By : KEN BARRETT
11 April 2018
About: Haoma has been created by Chef Deepanker Khosla, known to all as DK, who rose through the ranks of one of the biggest international hotel companies but felt stifled by the lack of creativity and disturbed by the waste that occurred in the sourcing, transporting and cooking of the food. The restaurant is claimed to be Bangkok’s first zero-waste outlet, growing its own green produce in aquaponic beds, feeding its own fish tanks with recycled water, sourcing its meat produce from sustainable local producers, and aiming to become completely carbon negative by next year. All this while serving European fine dining cuisine. Yes, it can be done: DK is doing it.
Décor: Located in the far reaches of Soi 31, and hidden in behind another restaurant that must have become rather tired of being asked for directions, Haoma is in a charming little house and opened last November. The interior is somewhat bare, in keeping with the honesty of the cuisine: bare floor, wood chips in racks against the wall, a neat wooden bar tucked in the corner next to the kitchen, and greenery everywhere in pots. The real attraction is in the courtyard, where the urban farm grows almost 40 kinds of organic vegetables, fruits and herbs, and where a staff member, or DK himself if he has time, will cheerfully show you around. Most of the greenery grows atop aquaponic tanks, using certified organic soil and water recycling systems, with the produce most irresistible to insects being shrouded in sala-like nets.
Menu: Our party tried two of Haoma’s cocktails: a dry gin infused with grapefruit and Thomas Henry tonic (400 baht), and a green blending of gin, avocado, kale, apple and celery (400 baht). All of the wines – and there are nearly forty of them – are either organic or from sustainable producers. We selected a bottle of Domaine du Coulet from the Côtes du Rhône (2,250 baht), which had both depth and fruitiness, and which carried us all the way through DK’s menu. Our salad entitled Stick to the Roots (420 baht) was served in an upside-down way so that the tubular roots were pointing skywards, and included heirloom carrots cooked sous-vide, local roots, charred jicama, and pickled lotus root. We had a serving of Burrata and the Bubbles (450 baht), with the creamy burrata made in-house, three kinds and colours of tomato, and a topping of tomato foam (the Bubbles). Duck Liver Rediscovered (490 baht) had the liver served as cubes of terrine divided by charcoal crisps and a sorbet made from brown bread. Homemade faggotini (620 baht) was little wonton-style pasta dumplings filled with fresh ricotta and with a sauce of morels, wild mushrooms and burnt garlic. Duck breast (630 baht) came from local duck and was served with pomegranate and dates. Hungarian goulash (980 baht) arrived in the surprising form of a steak, although a surprisingly light one, and was coated in a goulash glaze and sour cream foam.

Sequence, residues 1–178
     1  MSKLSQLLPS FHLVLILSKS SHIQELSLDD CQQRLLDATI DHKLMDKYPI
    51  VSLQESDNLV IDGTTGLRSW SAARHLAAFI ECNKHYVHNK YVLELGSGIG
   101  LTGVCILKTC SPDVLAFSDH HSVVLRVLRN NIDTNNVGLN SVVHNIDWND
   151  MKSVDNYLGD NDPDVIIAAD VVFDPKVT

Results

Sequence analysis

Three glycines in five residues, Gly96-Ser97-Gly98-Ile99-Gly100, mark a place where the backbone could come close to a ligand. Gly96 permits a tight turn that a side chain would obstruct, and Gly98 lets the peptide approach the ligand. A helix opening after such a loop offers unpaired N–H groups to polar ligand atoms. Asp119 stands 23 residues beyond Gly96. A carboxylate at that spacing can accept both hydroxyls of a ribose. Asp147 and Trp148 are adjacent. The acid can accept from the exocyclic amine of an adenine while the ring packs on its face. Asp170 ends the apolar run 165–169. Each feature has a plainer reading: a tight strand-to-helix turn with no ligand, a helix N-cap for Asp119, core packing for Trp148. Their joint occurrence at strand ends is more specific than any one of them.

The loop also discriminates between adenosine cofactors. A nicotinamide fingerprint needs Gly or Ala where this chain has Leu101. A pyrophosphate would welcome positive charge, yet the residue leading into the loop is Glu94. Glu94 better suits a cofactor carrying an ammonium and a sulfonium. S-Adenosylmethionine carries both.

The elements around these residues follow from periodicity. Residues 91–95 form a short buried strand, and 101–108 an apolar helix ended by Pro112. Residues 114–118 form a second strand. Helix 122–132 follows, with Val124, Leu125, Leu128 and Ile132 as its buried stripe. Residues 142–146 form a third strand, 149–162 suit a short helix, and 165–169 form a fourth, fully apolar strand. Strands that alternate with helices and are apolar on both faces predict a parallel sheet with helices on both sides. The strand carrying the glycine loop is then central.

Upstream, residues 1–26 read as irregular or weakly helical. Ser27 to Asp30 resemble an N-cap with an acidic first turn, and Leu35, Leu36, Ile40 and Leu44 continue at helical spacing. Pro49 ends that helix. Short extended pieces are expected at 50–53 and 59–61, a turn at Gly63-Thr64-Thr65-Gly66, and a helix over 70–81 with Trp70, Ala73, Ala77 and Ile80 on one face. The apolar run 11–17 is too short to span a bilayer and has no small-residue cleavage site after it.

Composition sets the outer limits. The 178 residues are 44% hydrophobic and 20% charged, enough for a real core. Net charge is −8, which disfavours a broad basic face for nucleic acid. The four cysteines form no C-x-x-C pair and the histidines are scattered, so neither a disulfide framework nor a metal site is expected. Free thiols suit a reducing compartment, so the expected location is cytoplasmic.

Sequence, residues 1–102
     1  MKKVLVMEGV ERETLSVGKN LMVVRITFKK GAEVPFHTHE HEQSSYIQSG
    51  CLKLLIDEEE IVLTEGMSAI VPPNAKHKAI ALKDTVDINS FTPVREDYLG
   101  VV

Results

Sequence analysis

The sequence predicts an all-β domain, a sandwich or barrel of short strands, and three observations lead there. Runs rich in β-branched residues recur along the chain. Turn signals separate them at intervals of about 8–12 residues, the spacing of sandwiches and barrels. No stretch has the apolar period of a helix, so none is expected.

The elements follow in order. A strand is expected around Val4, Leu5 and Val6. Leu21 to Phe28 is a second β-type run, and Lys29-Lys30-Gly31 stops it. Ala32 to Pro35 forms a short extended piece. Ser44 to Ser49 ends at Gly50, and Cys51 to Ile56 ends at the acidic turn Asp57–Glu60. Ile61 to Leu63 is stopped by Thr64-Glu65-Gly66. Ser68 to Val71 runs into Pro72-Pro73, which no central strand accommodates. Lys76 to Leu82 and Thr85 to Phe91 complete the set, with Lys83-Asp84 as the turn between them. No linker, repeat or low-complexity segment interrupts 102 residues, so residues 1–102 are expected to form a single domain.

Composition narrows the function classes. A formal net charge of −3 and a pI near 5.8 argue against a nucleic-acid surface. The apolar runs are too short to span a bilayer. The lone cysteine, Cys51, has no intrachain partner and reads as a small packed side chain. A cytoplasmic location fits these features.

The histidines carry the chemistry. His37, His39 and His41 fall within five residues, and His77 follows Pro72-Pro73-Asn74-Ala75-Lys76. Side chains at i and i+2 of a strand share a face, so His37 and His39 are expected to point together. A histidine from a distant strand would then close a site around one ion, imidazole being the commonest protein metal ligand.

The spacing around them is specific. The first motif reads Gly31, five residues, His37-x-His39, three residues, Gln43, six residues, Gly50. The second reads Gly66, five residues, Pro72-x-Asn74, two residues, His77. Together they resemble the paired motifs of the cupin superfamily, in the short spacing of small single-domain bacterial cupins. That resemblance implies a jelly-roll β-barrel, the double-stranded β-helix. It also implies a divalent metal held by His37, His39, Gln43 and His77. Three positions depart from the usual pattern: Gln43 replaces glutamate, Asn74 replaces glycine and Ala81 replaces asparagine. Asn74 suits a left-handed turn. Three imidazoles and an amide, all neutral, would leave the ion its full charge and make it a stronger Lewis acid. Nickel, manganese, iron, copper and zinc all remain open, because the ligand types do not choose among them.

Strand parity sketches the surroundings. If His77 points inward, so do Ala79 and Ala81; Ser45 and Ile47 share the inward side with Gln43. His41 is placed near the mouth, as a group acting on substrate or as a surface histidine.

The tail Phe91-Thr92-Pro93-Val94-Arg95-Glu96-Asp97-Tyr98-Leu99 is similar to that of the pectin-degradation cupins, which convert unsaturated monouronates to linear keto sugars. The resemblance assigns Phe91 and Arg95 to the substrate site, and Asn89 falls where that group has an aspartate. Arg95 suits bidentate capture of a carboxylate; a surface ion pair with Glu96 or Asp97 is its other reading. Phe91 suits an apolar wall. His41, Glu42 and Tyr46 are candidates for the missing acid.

Evaluation: There are other restaurants in town that have their own organic gardens and can even claim to be, to some extent, urban farms, but none as comprehensively or as spectacularly as Haoma. The management and service is impeccable.